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Blondes in Venetian Paintings, the Nine-Banded Armadillo, and Other Essays in Biochemistry . By Konrad Bloch. New Haven: Yale Univ. Press. Pp. 288. $32.50. As one who is quite familiar with author Konrad Bloch's scientific research, where experimental evidence reigns supreme and speculation is shunned, I enjoyed die philosophical approach adhered to in this book. In the preface Bloch tells us that rather than write his personal memoirs he preferred to offer this series of essays drawing "on material tucked away in my mind, incidents, episodes, encounters, chance observations during travels." He succeeds brilliantly in entertaining the reader, evoking the reader's own memories and, perhaps more importantly, stimulating the reader's thoughts on the broader aspects of the topics touched on in this book. An astute chemical observer, Bloch starts out with the cogent observation that many women in Venetian Renaissance paintings are portrayed as exquisite blondes, while the men appearing in the same paintings usually have dark hair color. Following his suspicion that these ladies were artificial blondes, he learns from the literature of the time that noble ladies indeed rinsed their hair with a tincture called "aqua bionda" and then exposed it to the sun. Perhaps not surprisingly, similar practices were known all over Italy and even in ancient Rome. The author's inquiries into the chemistry of aqua bionda led to the conclusion that the ancient bleaching agent was very probably none other than hydrogen peroxide, generated from plant materials under the influence of sunlight. The essays that follow deal with less esoteric topics and are usually selected from among the author's own research or that of others closely familiar to him. As a rule, the emphasis is not on minute detail, but rather on the broader significance of the work. In other cases, however, the essence is in the detail. This is so in an important chapter describing several examples where unsuspected reagent contamination played a significant role in the discovery of major new biomolecules and biochemical processes. In the essay "The Evolutionary Perfection of a Molecule," Bloch points out the stunning coincidence that the sequence of late intermediates on the biosynthetic padi to cholesterol parallels the appearance of these same intermediates as membrane constituents in ascending forms of life. The thoughts expressed in this chapter add a new dimension to the author's life work, which won him die Nobel Prize in Physiology and Medicine. Particularly enlightening is the essay on "Oxygen and Evolution," which reminds the reader of the fact that the large majority of synthetic reactions producing the essential building stones necessary for life on earth, such as proteins, nucleic acids and lipids, were perfected by nature before the appearance of oxygen on earth. Remarkably, the author emphasizes that this basic chemistry has remained unchanged after oxygen appeared in the atmosphere. With the appearance of oxygen, a new lifestyle was made possible and became the main driving force for evolution. New reactions utilizing oxygen were added, expanding the biochemical repertoire. The author illustrates this point with the case of the two independent routes leading to unsaturated fatty acids required by all organisms to alter the "liquidity" of their membranes. The more complex process invented by the prokaryotes in the oxygenfree world was replaced by the more efficient oxygen-requiring desaturation process of the eukariotes. The author lists many of the new biosynthetic reactions made possible by the introduction of oxygen into the atmosphere, such as the synthesis •ectives in Biology and Medicine, 39, 3 ¦ Spring 1996 461 of cholesterol, the steroid hormones, the prostaglandins and leukotrienes, and vitamin A. All this, of course, in addition to the greater economy achieved by the more efficient utilization of common nutrients, made possible by replacing fermentation by respiration. A particularly beautiful example of this type of evolutionary approach to biochemistry is described in another essay dealing with the discovery of a hitherto unknown anaerobic pathway to the vitamin nicotinamide, the precursor of the coenzyme NAD. Only an oxygen-requiring pathway from tryptophan was known by 1960. Hayaishi, the pioneer in the field of oxygenases, reasoned that an early anaerobic process leading to nicotinamide was likely to exist, and indeed demonstrated such a...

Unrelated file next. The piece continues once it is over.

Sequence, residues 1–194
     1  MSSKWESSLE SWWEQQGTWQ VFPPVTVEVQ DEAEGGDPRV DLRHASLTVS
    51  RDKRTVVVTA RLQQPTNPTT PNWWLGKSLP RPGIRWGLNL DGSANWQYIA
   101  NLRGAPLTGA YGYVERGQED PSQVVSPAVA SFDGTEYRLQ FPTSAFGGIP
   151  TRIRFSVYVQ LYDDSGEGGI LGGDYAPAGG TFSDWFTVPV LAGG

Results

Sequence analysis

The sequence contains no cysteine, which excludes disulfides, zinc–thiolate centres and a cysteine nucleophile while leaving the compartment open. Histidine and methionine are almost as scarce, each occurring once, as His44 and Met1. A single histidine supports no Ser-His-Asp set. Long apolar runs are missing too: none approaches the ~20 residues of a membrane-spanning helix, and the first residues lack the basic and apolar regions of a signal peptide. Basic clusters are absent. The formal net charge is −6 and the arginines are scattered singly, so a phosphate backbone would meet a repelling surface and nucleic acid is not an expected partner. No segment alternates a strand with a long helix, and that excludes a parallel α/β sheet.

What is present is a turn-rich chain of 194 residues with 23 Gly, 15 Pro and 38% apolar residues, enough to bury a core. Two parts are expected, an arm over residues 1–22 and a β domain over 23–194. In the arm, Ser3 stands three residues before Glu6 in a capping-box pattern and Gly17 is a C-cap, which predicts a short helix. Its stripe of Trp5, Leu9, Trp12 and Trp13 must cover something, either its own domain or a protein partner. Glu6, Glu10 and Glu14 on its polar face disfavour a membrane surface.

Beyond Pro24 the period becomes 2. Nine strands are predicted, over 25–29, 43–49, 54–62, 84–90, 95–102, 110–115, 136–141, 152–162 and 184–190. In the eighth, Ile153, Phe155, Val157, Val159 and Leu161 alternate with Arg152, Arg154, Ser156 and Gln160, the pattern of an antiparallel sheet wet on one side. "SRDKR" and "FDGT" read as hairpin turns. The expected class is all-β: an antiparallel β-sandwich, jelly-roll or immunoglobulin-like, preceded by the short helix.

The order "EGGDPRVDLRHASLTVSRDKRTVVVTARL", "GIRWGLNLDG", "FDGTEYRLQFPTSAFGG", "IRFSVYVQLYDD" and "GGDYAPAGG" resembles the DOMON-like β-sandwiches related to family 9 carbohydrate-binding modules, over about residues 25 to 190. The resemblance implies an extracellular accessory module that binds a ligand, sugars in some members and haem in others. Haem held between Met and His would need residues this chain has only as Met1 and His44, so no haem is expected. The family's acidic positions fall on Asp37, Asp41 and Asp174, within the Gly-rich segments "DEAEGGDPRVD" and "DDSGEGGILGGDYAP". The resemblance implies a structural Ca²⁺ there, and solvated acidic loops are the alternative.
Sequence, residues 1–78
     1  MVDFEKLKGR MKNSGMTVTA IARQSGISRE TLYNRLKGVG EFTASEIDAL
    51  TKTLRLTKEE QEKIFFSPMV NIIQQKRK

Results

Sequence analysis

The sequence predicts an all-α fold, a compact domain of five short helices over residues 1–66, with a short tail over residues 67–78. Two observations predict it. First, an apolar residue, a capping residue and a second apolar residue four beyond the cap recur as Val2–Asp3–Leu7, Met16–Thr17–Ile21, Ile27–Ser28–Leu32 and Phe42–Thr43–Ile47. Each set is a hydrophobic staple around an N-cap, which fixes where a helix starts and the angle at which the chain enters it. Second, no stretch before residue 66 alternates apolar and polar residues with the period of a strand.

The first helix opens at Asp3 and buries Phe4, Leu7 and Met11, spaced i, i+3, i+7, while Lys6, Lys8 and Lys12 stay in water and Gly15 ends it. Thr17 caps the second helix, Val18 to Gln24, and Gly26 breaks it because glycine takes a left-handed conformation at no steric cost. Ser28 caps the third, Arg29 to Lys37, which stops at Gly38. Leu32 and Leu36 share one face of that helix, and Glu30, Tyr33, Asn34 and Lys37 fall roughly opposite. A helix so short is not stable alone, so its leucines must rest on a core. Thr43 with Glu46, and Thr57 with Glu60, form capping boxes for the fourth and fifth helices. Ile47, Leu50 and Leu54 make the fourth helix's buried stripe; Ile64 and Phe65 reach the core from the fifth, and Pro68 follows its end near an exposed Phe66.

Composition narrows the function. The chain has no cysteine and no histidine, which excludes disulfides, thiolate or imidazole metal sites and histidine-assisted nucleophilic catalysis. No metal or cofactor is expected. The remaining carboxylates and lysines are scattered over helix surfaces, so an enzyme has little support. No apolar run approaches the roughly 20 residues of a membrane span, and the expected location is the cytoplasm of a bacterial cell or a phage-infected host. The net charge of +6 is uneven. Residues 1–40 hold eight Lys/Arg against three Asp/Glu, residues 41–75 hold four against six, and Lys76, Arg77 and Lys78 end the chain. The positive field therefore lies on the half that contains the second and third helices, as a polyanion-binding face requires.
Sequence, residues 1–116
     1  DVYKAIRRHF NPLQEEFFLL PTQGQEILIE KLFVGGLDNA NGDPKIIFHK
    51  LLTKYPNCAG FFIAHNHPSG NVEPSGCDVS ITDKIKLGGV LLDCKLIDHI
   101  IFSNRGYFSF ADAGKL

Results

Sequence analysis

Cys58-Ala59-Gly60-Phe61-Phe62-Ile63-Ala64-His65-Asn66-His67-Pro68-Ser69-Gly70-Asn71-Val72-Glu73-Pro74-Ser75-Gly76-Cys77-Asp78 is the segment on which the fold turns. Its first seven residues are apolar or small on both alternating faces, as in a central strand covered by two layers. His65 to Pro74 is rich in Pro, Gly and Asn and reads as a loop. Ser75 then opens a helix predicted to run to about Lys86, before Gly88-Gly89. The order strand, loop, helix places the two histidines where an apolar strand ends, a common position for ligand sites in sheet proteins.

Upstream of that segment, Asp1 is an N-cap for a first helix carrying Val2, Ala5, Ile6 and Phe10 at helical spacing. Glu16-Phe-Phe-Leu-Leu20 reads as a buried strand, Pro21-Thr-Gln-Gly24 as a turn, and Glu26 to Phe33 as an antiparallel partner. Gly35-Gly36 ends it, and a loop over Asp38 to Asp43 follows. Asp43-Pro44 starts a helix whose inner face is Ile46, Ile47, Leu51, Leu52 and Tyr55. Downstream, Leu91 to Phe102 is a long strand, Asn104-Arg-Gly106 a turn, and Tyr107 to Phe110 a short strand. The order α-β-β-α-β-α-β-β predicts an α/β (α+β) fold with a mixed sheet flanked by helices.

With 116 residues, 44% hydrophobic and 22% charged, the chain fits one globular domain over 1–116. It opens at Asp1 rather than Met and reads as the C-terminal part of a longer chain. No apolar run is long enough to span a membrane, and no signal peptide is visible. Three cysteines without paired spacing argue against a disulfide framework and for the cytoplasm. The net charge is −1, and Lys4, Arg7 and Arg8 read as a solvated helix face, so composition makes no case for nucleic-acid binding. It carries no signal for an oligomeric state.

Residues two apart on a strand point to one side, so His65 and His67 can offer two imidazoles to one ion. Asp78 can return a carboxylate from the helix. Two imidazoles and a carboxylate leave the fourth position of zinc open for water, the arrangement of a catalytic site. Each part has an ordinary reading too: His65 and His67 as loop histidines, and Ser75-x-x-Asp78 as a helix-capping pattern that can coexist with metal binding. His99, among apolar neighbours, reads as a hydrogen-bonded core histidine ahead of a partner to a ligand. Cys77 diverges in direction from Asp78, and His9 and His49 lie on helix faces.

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Additional Information

ISSN
1529-8795
Print ISSN
0031-5982
Pages
pp. 461-462
Launched on MUSE
2015-01-07
Open Access
No
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